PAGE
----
Fatburger set to weigh in on NYC burger scene

The Beverly Hills, Calif.-based chain will compete with the likes of Shake Shack, Five Guys and many others.

By Lisa Fickenscher Burger madness will be ratcheting up early next year when Fatburger muscles into the Big Apple

for the first time.

The Beverly Hills, Calif.-based chain, which has been around for 60 years and has 150 eateries across the globe, signed a franchise agreement with The Riese Organization, one of the largest restaurant management companies in New York. Most of the U.S.-based Fatburgers are in Western states, though Atlantic City got the first East Coast eatery five years ago.

Riese, which operates more than 75 fast-food restaurants, including Pizza Hut, KFC, T.G.I Friday’s and Tim Hortons, plans to roll out 10 Fatburgers in Manhattan. The first one will debut at 507 Third Ave. next spring.

Is there appetite enough in the Big Apple for another burger joint, when the city is already overflowing with such chains as Five Guys, Shake Shack, 5 Napkin Burger and many others?

Dennis Riese, chairman and CEO of his eponymous company certainly thinks so.

“I like the idea that it has been around for a long time and has been successful enough in a major metropolis like Los Angeles,” Mr. Riese said.

Also appealing to the restaurateur is the myriad of possibilities to market the brand. “You could get celebrities to say, ‘I’ve been eating Fatburger since I was a kid,’ ” he said.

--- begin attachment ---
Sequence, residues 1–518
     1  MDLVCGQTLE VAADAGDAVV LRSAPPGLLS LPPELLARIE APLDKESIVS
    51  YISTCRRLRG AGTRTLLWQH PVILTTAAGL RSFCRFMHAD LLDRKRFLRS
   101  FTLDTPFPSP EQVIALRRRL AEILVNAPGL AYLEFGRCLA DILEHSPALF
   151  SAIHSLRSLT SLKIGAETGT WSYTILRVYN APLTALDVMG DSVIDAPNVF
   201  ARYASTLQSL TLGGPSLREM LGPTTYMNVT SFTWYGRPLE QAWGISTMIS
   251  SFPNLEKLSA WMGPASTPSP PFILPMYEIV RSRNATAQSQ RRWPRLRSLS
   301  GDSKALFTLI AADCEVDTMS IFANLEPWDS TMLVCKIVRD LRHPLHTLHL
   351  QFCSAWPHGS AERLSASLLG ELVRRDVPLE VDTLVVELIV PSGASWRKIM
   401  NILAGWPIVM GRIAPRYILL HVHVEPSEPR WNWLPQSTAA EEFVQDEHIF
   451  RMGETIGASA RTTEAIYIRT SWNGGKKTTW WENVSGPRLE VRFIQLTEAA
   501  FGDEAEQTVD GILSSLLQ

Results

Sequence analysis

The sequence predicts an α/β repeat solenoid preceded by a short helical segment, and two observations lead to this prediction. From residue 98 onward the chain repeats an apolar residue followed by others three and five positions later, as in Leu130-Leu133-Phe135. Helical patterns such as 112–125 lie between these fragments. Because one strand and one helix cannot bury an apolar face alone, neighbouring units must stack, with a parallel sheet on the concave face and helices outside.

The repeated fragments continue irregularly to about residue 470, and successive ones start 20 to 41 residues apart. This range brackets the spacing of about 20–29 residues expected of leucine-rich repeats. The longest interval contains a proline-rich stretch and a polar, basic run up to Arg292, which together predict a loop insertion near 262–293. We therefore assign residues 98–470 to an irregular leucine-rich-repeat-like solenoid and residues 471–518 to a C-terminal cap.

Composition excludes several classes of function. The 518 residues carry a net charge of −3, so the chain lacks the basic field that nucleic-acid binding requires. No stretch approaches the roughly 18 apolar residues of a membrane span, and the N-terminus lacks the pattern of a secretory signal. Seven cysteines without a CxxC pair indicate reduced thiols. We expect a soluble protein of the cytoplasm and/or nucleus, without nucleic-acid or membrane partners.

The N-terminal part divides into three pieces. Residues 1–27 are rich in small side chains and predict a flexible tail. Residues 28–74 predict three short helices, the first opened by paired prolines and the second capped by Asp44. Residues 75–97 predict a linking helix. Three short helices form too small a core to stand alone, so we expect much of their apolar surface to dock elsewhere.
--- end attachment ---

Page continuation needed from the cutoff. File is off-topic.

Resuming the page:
Indeed, many celeb fans of Fatburger have invested in the chain, which is owned by Fog Cutter Capital Group Inc. Before Fog Cutter bought it in 2003, stars such as Magic Johnson, Cher, Queen Latifah and Janet Jackson were investors in the restaurant.”We are bringing Hollywood to New York,” said Fatburger CEO Andy Wiederhorn. The restaurateur said he partnered with Riese Organization because of its vast real estate holdings and experience in managing restaurants.

Riese owns most of the buildings where it operates restaurants, including 507 Third Ave. Unlike most of its eateries, which operate neighborhoods with lots of tourists or businesses, Riese wants to open Fatburger in mostly residential neighborhoods where there are lower rents, Mr. Riese said.

“There is always room for another great burger place,” said Stephen Zagor, dean of culinary business and industry studies at the Institute of Culinary Education. “Riese’s challenge will be maintaining the quality and precision that a great burger place needs.”

Like some of the more upscale burger places, Fatburger cooks its burgers to order. And it must be doing something right. Last year, system-wide sales were $82 million. Revenues per store range from $1 million to $6 million, Mr. Wiederhorn says.

“I’m not worried about our product competing in New York,” he said. “I’m confident that our burger will be well received.”